Horning Church

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"Black bumper" car of the 1920s, such as might have been driven by early Horning Church members.

The Horning Church (or Black-bumper Mennonites) are an Old Order Mennonite denomination, known for their adoption of the automobile. This group remained from the fragmenting of the Weaverland Conference following the 1927 schism of the Wenger Church which rejected the car. The church is named for Bishop Moses Horning, who owned a car bought for him by a parishioner.[1]

The group is also known as Black-bumper Mennonites for their early custom of painting over the chrome on their cars for modesty, though in the modern day this custom is only mandatory for ministers[1]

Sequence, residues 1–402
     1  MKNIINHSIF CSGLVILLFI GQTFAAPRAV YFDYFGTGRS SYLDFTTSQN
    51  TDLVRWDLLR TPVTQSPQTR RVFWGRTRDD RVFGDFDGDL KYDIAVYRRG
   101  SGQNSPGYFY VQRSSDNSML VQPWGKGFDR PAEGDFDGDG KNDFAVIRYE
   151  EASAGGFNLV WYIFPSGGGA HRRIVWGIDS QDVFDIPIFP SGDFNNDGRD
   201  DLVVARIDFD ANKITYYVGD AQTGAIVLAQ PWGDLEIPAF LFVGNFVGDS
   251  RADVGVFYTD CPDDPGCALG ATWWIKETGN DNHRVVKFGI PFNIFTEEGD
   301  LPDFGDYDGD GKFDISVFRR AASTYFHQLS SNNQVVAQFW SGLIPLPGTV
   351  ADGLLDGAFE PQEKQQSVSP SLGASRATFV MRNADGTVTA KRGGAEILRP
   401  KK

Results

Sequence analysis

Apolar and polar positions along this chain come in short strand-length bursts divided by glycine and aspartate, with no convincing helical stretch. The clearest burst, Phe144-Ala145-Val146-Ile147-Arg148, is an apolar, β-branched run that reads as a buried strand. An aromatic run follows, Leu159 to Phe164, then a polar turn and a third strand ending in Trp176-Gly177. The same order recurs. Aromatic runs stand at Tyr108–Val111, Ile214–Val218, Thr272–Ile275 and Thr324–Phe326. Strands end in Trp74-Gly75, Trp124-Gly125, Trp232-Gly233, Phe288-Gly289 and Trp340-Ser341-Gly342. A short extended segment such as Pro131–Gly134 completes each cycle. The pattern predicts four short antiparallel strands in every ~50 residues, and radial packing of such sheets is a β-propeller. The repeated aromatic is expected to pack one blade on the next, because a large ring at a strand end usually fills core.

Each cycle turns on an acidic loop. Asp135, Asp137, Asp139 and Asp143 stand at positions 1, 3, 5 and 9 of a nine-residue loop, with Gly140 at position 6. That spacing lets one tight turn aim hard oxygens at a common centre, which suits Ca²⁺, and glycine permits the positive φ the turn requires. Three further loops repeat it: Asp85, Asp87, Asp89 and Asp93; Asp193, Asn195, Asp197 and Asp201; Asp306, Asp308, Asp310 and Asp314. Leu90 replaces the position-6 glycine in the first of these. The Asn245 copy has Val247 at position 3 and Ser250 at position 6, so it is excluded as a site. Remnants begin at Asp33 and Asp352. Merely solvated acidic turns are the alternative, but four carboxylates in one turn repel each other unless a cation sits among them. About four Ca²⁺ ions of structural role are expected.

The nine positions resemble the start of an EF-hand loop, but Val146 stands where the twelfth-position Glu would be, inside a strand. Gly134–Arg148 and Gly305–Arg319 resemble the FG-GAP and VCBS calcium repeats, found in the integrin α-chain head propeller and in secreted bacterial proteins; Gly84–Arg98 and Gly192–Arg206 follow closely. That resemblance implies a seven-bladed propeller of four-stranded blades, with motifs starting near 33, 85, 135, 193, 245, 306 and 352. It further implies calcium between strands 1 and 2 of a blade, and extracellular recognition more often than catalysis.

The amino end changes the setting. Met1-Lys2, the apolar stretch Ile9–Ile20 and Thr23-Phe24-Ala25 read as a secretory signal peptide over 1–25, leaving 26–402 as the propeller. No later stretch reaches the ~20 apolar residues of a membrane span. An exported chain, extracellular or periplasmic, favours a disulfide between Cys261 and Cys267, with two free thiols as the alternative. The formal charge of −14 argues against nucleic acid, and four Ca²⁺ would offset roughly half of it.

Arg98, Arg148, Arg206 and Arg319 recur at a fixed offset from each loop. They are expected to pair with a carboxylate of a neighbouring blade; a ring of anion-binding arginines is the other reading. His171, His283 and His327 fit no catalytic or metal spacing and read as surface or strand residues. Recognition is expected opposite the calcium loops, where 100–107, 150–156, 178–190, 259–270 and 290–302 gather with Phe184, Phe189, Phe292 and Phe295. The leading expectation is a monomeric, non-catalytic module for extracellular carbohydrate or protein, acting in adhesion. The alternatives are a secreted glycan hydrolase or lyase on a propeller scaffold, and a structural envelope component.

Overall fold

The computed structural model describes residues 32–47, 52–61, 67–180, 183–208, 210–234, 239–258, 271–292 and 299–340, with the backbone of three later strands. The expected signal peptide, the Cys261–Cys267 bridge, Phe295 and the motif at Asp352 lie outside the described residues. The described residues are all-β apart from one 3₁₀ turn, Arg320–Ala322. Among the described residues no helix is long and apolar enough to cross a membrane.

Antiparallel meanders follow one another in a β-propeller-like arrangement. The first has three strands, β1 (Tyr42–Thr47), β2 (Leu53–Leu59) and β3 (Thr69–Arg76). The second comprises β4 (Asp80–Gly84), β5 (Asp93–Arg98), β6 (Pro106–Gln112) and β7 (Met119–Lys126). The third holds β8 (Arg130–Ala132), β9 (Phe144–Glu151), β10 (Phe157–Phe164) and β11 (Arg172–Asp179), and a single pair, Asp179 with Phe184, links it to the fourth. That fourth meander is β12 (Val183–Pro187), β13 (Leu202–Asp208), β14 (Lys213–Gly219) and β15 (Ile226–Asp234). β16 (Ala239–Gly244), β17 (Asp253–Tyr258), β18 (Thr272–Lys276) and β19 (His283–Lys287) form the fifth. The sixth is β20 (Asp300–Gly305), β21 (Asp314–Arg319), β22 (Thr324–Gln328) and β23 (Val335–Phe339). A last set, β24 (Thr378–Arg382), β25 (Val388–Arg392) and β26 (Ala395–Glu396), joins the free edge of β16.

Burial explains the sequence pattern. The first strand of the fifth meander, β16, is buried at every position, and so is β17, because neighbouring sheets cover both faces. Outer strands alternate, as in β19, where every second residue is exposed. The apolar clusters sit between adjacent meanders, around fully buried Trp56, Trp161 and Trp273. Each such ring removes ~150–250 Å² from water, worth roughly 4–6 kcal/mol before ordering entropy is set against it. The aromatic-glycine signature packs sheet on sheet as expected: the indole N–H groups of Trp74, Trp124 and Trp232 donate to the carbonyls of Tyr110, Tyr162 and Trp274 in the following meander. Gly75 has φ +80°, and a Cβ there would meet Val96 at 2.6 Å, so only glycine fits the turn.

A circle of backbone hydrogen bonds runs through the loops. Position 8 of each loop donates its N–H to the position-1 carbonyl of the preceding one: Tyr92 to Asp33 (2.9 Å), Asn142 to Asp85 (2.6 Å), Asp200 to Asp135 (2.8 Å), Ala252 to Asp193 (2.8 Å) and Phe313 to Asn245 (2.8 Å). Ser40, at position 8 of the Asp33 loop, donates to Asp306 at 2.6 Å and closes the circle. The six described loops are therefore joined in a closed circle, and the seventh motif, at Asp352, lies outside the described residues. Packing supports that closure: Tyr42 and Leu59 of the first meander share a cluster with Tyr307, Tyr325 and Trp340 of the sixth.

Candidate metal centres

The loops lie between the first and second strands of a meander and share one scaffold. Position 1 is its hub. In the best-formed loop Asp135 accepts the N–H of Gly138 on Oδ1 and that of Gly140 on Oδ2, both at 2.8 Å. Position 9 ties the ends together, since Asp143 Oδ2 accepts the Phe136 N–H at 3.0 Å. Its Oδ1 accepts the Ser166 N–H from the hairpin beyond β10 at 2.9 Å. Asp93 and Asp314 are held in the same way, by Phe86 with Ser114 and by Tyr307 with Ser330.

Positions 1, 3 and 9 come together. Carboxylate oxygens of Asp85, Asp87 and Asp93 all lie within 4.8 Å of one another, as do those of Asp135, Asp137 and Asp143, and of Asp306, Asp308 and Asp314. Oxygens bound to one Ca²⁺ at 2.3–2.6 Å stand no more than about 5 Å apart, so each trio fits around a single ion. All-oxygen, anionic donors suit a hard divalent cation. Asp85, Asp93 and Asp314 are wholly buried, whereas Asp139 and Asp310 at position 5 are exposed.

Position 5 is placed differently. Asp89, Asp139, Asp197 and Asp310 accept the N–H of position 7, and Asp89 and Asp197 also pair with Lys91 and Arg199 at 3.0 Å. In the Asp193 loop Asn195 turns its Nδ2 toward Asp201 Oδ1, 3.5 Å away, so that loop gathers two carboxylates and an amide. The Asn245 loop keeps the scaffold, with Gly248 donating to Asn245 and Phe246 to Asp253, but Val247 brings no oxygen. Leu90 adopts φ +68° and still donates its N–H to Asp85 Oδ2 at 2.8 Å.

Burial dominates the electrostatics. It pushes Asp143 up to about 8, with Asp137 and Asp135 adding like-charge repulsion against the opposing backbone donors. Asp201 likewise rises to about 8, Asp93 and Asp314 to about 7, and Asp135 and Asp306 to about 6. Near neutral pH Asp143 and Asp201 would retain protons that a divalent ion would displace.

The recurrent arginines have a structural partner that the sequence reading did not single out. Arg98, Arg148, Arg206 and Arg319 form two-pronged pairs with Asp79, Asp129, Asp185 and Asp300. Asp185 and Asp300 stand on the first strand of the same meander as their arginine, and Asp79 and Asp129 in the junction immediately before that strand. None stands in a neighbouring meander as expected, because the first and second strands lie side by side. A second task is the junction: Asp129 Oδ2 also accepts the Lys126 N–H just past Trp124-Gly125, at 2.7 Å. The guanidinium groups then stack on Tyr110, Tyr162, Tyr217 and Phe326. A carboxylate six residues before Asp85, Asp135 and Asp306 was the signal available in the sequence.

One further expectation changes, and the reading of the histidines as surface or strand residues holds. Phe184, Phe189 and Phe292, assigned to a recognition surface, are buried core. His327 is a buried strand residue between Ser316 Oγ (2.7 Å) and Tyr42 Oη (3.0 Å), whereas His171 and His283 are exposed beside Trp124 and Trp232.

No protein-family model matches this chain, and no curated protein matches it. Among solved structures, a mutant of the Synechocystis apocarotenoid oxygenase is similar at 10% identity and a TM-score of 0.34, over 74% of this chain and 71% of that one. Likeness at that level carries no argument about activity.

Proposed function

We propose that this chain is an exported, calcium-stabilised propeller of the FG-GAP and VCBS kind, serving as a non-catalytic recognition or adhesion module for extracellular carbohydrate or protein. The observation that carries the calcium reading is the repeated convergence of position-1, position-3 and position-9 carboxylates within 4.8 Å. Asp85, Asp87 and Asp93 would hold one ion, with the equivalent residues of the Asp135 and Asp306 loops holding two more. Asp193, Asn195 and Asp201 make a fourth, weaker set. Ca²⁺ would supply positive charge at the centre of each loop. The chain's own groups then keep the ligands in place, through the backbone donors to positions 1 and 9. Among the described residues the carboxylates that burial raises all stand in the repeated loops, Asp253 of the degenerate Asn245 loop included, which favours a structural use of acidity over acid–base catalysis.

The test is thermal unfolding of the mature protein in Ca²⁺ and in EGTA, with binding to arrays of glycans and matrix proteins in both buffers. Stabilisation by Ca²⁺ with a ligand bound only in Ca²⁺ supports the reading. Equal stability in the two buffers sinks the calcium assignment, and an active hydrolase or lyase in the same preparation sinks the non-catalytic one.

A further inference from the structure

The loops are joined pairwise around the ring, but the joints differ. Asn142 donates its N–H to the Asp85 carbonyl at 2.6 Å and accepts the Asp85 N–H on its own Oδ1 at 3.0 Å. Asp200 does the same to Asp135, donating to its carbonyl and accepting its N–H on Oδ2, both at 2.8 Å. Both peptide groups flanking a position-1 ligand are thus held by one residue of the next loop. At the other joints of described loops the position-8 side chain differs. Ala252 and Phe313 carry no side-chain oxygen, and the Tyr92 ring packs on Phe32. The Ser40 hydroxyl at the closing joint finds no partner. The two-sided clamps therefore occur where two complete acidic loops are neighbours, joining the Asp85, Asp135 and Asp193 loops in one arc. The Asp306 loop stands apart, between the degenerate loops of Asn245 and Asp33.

Ideologically this group shares many similar beliefs with Conservative Mennonites though differing in not having Sunday Schools or revival meetings. They identify more with the values of the Old Order groups but share common core values or distinctives.


  1. ^ a b Donald B. Kraybill; James P. Hurd (1 September 2006). Horse-and-buggy Mennonites: hoofbeats of humility in a postmodern world. Penn State Press. pp. 73–. ISBN 978-0-271-02865-1. Retrieved 27 February 2011.